“Daddy… why does that happen? It should change, shouldn’t it?”

Translation: Daddy, how do you prove the Commutative Property of Multiplication?

How would you prove it?

The geometry teacher in me thinks about area when I see two numbers multiplied. We can model (and often do) multiplication as an array. It’s just a rectangle, right? A rectangle with an area that is calculated by it’s length and width being multiplied.

What happens if we rotate the rectangle 90 degrees about it’s center point? Now it’s length and width are switched, but it’s area isn’t. Because rotations are rigid motions. The preimage and image are congruent. Congruent figures have the same area.

If l x w = A, then w x l = A. 

Geometry helps prove this. Geometry also helps support a variety of other algebraic ideas like transformations of functions within the different function families. Connections between slope and parallel and perpendicular lines. There’s also the outstanding applications of algebraic concepts that geometric situations can provide. Right triangle trig, for example, is often a wonderful review of writing and solving three variable formulas involving division and multiplication. (A consistent sticking point for lots of math learners.)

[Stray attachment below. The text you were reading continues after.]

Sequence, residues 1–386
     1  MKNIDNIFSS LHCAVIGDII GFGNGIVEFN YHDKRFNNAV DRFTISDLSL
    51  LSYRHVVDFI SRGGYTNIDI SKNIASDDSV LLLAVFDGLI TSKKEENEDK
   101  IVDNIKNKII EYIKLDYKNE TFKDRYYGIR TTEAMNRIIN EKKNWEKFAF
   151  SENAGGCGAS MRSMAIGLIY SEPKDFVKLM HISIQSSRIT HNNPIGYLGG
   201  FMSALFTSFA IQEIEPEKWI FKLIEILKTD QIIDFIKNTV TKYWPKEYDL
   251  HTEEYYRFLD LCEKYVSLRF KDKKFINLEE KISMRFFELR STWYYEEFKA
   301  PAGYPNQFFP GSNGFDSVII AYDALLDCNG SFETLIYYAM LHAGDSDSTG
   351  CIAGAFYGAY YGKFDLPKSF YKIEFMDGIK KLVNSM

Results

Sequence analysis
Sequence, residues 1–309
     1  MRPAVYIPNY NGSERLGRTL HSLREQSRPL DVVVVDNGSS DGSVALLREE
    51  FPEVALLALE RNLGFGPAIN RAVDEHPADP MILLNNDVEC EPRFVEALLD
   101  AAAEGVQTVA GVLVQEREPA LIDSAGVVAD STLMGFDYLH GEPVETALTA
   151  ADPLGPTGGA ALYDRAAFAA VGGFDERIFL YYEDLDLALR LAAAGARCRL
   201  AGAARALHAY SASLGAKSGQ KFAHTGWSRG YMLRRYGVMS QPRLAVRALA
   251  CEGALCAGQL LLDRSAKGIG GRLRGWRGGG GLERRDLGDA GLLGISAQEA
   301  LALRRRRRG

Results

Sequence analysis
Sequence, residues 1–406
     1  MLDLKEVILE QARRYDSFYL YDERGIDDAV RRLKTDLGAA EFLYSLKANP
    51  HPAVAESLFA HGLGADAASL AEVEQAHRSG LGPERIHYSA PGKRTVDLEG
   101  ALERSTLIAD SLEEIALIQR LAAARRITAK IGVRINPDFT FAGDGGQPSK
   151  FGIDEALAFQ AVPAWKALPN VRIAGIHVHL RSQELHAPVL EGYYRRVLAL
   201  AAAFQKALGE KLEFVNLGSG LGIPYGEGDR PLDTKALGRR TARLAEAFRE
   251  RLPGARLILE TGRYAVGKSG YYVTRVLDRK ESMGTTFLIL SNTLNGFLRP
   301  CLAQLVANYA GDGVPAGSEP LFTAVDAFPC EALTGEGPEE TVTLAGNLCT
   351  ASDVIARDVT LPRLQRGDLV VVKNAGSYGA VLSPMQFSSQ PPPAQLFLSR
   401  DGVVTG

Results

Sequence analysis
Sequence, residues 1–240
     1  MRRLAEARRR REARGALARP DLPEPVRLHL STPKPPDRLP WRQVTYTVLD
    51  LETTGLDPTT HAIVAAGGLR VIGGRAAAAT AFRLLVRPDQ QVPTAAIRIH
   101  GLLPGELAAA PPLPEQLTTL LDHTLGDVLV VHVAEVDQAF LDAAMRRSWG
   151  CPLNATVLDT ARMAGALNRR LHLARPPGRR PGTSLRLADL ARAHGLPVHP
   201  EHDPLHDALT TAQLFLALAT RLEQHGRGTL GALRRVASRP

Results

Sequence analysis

As a teacher who spent years watching how Geometry presents such an environment for real, effective and powerful mathematical growth, eliminating it will leave a lot of holes that math departments are used to geometry content filling.

Changing the conversation about testing and data

What if I told you have I know of schools that run through their first grade students through just over an hour of math and reading exercises while recording their results to get a sense of their strengths and weaknesses? These exercises are done a little bit at a time in the first three weeks of school. They do this so that they can make accurate decisions about the ways that each of these students will be properly challenged. This way, each young person gets exactly what they need to grow as learners.